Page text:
Attendance was so strong at the 2024 Jasper Annual Forum that organizers had to put out extra seats to accommodate the crowd for Supt. Alan Fehr’s address. | Scott Hayes / Jasper FitzhughScott Hayes, Local Journalism Initiative Reporter

Visitation continues to be strong for Jasper National Park, which received 2.48 million visitors last year.

This was among several topics discussed during the 2024 Annual Public Forum, which had a booming crowd of around 100 attendees, at the Jasper Activity Centre on Tuesday evening.

The event offers the chance for Jasper National Park administration to report back to the public on highlights of its operations from the previous calendar year.

It also gives the public a prime opportunity to offer its own feedback on key areas such as wildfire risk reduction efforts, the issue of bears in the Jasper townsite and usage and management of the Park Canada’s extensive trail system.

“The annual forum is our opportunity to highlight certain topics, and often they’re topics where we want input,” said Supt. Alan Fehr.

The guidebook to the forum is the 2023 Jasper National Park Annual Report. It reveals that there were more than 2.48 million visitors last year, an increase of 60,000 from the previous year and a more than 20 per cent jump from 2012/13 when visitation had only just broken the two-million milestone.

Seeing such numbers is great, Fehr said, but that volume of people definitely has an impact.

“We want people to come to national parks. We want people to be out on trails, enjoying things, going to the lakes, going birdwatching, skiing, what have you. In peak periods, that also creates difficulties with congestion, public safety issues, that kind of thing.”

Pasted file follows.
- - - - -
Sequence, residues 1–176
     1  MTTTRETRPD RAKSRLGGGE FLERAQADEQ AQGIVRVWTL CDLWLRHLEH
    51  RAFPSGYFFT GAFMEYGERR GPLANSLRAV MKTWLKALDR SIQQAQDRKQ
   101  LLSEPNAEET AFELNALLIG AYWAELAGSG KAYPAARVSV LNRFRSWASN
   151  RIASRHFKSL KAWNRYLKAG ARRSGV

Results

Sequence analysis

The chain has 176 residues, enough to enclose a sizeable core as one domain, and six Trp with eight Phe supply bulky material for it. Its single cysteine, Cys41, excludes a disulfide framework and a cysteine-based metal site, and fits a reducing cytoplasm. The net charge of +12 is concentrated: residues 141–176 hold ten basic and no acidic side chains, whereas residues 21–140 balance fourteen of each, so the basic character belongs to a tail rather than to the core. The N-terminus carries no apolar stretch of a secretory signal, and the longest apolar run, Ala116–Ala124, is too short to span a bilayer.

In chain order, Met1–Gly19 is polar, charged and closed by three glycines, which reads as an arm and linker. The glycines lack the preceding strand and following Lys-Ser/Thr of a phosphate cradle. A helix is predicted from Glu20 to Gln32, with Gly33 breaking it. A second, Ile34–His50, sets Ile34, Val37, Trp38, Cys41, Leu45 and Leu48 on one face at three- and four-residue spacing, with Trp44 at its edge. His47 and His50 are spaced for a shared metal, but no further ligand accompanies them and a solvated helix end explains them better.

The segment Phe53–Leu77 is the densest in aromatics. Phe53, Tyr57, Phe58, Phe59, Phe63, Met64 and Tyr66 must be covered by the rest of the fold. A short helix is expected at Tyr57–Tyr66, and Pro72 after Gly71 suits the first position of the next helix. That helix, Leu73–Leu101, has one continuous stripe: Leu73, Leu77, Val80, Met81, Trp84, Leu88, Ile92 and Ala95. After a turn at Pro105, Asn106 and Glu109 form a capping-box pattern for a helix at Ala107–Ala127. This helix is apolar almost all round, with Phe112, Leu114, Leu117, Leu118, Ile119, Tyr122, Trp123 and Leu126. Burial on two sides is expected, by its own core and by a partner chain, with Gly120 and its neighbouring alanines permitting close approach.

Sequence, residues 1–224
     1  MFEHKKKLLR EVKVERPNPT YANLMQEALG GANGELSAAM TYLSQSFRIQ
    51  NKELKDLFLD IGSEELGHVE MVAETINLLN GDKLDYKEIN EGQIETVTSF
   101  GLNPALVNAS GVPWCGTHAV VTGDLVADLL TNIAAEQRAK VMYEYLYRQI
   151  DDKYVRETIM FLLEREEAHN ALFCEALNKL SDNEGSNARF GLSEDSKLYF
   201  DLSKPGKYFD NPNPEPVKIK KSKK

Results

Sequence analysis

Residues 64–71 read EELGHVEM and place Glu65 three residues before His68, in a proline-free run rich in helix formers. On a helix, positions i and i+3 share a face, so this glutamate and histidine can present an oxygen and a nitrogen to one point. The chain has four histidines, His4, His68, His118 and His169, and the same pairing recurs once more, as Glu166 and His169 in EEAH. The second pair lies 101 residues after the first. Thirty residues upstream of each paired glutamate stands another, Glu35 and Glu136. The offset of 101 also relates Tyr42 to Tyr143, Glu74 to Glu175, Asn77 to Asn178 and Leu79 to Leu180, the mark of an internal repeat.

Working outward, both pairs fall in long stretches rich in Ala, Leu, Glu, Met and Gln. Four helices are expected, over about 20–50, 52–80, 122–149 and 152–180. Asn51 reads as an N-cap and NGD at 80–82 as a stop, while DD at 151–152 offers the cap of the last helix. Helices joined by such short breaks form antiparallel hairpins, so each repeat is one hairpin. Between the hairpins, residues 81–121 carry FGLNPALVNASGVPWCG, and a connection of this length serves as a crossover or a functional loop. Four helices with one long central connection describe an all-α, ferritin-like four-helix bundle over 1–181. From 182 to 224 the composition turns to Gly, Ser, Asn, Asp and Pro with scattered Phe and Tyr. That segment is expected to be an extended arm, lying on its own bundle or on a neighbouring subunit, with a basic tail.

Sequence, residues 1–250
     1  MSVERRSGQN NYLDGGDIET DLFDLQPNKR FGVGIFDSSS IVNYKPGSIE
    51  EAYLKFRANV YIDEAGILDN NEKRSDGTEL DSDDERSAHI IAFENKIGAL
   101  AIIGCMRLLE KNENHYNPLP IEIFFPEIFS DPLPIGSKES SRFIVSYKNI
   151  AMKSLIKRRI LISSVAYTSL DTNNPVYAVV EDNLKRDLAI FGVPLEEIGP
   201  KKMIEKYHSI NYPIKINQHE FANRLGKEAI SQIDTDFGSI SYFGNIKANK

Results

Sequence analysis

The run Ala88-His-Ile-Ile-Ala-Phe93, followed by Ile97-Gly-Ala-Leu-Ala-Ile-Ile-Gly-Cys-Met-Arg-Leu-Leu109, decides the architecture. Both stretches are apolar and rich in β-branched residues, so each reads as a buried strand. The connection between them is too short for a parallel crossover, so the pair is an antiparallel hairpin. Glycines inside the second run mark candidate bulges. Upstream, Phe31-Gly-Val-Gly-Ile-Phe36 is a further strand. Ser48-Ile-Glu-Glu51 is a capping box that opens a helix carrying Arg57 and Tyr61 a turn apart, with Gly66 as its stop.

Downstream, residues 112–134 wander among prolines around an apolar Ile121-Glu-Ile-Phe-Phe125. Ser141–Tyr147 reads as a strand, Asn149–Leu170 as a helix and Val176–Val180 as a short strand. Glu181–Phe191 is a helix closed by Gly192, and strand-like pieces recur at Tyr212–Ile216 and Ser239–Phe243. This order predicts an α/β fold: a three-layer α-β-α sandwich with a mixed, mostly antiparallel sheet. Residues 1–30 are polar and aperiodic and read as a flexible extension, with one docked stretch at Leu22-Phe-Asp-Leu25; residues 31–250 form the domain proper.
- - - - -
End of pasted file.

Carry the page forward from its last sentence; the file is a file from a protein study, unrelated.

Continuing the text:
He directed people to the booth for Visitor Use Management Planning.

“For Lake Edith and Lake Annette, what do they recommend that we do there? There’s all sorts of different solutions or options. Each has its pros and cons. That’s one of the reasons why – aside from just reporting back on 2023 – we’re also interested in what’s happening in the future.”

He mused about what the public might contribute in terms of its thoughts on public shuttles, bike trails and more. It’s one thing for people to have enough interest in such initiatives, but Fehr just hopes that they don’t keep it to themselves.

“We want to hear about it because that might influence where we spend our money, how we spend our time just in general and in our capital plan.”

His presentation, which he shared with External Relations Manager Neil McInnis and Resource Conservation Manager Dave Argument, also revealed some other highlights that can be found in the annual report:

· the park trail crew put in more than 20,000 hours maintaining, constructing and grooming trails;

· there were more than 19 Indigenous community events held at the Cultural Use Area;

· Jasper National Park saw 520,700 frontcountry campers and 15,100 backcountry campers;

· the Wildlife Patrol had 19,800 contacts with visitors;

· staff removed 80 bear-attractant fruit trees;

· Human-wildlife coexistence staff responded to more than 400 bear incidents in the townsite;

· and ecologists planted 5,300 whitebark pine to help bolster the population of the endangered species.

Parks Canada also held a virtual public forum on Wednesday. Attendance numbers were not available by press time.

By Scott Hayes, Local Journalism Initiative Reporter

Original Published on Mar 13, 2024 at 12:00

This item reprinted with permission from    The Fitzhugh    Jasper, Alberta

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